Holy War Boils Down to Riley Nelson’s Performance
As Riley Nelson goes on Saturday, so goes the hopes of the No. 25 BYU Cougars in their Holy War showdown with the Utah Utes.
Nelson was not a factor in last season’s 54-10 debacle in Provo, the worst BYU loss in the long series between these two in-state rivals.
He came into the game in the final five minutes after the outcome had long been decided. This season, he figures to be the key factor in the Cougars’ effort for redemption.
It really boils down to this.
If Nelson can throw the ball and complete passes against the Utes’ press coverage on Saturday, BYU will be very difficult to defeat. If he can’t deliver through the air, then this game will likely be a low-scoring, slugfest that will go down to the wire.
Both teams have had issues at offensive line so far on this young season. The Cougars have struggled running the ball between the tackles against the suspect defenses of Washington State and Weber State, while Utah’s offensive line has had issues all the way around.
The Utah defense traditionally plays tight man-to-man coverage on their opponent’s outside receivers, essentially putting their cornerbacks out on an island. The philosophy forces opposing quarterbacks to be more accurate and to throw passes into smaller windows than usual. And consistently humming the ball into tight windows hasn’t exactly been Nelson’s forte during his career.
Luckily for Riley, he has a couple of tall, talented receivers to go to. Both Cody Hoffman and Ross Apo have the ability to make plays even when they are covered. Nelson has the confidence that if he can get the ball in the same zip code of his towering duo of receivers, they will more often than not come down with the catch.
The Cougars wideouts will have a particular advantage when matched up on Utah’s 5-foot-9 cornerback Ryan Lacey. The other corner, Moe Lee, is a more rangy athlete who goes 6-foot-1.
If Nelson can find a way to connect with Hoffman and Apo, then it opens everything else up for the BYU offense. Conversely, if the Utes DBs are effective at taking away the Cougars’ two big weapons, then Utah has the ability to stuff the run and limit the Cougars’ mid-to-short range passing game.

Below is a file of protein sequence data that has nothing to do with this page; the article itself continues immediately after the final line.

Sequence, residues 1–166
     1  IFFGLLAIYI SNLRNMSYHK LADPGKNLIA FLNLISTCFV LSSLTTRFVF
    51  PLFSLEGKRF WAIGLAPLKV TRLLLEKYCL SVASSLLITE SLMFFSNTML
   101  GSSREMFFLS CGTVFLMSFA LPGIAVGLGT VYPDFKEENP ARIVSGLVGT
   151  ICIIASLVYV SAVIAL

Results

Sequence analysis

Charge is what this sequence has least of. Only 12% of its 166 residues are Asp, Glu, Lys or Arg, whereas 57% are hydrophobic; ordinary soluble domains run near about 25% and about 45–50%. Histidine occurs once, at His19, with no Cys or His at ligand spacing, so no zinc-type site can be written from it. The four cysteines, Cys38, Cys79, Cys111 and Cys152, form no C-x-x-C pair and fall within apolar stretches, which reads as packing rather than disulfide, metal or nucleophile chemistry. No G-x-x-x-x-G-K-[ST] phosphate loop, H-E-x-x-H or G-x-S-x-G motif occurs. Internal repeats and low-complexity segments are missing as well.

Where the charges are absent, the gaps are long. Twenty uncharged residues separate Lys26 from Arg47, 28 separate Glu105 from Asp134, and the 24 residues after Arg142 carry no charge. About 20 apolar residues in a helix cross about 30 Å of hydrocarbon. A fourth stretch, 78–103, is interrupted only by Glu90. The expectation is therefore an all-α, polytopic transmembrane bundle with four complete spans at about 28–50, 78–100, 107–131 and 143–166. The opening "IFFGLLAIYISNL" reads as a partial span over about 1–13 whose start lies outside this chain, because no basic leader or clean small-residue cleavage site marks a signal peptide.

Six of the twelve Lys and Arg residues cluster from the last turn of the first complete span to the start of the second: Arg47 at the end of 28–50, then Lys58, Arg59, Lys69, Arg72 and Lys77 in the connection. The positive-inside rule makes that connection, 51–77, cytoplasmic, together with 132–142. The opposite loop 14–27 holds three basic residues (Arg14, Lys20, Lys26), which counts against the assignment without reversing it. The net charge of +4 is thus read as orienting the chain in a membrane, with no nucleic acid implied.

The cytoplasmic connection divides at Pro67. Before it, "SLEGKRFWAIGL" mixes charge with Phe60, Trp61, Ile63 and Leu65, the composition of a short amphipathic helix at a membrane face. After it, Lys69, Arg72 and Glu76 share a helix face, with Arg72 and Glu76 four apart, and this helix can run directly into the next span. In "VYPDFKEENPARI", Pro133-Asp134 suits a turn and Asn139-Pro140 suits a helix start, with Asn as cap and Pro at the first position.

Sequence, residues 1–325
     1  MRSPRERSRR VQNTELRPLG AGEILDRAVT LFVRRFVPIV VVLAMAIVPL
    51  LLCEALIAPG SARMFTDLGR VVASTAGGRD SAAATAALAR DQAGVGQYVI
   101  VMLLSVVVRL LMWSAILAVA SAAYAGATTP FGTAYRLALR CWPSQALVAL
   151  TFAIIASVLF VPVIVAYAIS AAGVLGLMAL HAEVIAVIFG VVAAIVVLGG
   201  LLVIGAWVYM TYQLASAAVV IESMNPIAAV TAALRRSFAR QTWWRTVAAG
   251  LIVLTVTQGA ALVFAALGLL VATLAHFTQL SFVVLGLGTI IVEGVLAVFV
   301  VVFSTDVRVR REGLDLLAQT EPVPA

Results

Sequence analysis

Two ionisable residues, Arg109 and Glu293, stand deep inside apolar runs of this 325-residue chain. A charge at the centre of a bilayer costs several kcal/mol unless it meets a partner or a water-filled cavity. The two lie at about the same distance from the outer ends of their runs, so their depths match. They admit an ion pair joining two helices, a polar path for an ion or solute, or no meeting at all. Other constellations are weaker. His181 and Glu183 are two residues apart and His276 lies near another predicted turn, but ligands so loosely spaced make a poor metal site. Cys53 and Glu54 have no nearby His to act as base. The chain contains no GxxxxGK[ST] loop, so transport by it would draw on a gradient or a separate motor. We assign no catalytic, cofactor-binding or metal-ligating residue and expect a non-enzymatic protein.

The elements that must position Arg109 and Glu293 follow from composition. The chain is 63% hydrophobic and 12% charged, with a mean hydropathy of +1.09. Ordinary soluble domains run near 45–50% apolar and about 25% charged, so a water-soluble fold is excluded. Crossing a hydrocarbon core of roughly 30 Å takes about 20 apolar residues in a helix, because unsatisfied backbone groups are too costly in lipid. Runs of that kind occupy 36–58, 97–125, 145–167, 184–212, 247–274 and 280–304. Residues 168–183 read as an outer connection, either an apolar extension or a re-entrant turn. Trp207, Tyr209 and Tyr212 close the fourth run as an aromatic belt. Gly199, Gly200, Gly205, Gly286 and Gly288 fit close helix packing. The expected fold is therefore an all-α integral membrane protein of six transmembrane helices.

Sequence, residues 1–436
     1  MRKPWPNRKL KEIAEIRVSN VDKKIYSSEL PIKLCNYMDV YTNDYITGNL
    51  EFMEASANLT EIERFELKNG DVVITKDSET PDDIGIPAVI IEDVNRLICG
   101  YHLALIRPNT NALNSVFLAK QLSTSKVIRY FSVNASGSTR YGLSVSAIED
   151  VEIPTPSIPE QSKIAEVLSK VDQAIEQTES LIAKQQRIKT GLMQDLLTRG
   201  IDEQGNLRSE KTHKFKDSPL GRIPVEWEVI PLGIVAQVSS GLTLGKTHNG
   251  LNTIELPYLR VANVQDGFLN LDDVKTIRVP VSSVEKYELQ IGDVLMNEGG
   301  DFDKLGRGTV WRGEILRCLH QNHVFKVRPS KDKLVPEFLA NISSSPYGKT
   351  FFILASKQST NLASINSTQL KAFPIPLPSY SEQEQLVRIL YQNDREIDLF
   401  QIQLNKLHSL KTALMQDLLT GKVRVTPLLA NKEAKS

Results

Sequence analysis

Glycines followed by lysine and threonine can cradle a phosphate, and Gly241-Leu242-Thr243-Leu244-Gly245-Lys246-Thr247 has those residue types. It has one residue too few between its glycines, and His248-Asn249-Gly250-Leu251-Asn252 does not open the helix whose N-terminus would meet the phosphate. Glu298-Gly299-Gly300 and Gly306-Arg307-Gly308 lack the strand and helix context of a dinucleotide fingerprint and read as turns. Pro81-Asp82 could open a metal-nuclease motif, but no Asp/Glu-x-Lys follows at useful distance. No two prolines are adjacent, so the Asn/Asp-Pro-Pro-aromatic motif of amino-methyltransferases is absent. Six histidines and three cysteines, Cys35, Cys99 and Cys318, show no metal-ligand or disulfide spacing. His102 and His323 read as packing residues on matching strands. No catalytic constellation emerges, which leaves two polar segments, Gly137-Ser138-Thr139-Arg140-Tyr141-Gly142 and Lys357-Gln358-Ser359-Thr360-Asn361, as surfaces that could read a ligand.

The senior signal caller worked hard on his passing skills this past summer. Saturday will tell if all that offseason work has paid off. So far this season, Nelson has completed 66 percent of his passes, compared to 57 percent last year. However, his per completion number has fallen off, dropping from 14.8 yards per completion last season to 12.3 this year. His yards per attempt are down as well, dropping from 8.4 yards in 2011 to 8.1 in the first two games of 2012.
And although opposing teams fear Riley’s ability to make things happen with his legs, his rushing numbers are also off, averaging just 2.5 yards per carry after averaging 4.5 yards last season.
Critics have also pointed to the fact that Nelson doesn’t have a signature win as starting quarterback. Last season he defeated just two teams, Utah State and Tulsa, which finished the year with a winning record. He didn’t start against USU, but came in late and rallied the Cougars to a come from behind win. In his biggest test as a starter last season, the Cougars self-destructed in a 38-28 loss to TCU in Dallas Cowboys Stadium.
On Saturday, Riley has the chance to get that marquee win. A victory on the home field of BYU’s arch-rival in a pay-back game would certainly go a long way towards his making a name for himself as a BYU quarterback. Come Saturday, Cougar Nation will have been waiting for a total of 363 days to get the bad taste out of their mouths from last year’s game.
Defensively, BYU looks to have the upper hand on a Utah offense that is struggling and will be without starting quarterback Jordan Wynn, who was forced into retirement by yet another shoulder injury in last week’s 27-20 overtime loss at Utah State. It’s hard to imagine the Ute offense having a big day against the Cougars regardless of whether it is Jon Hays or Travis Wilson who is called upon to fill in for Wynn.
So if Nelson can manage to keep the Utah defense honest with his arm, the advantage should swing to BYU.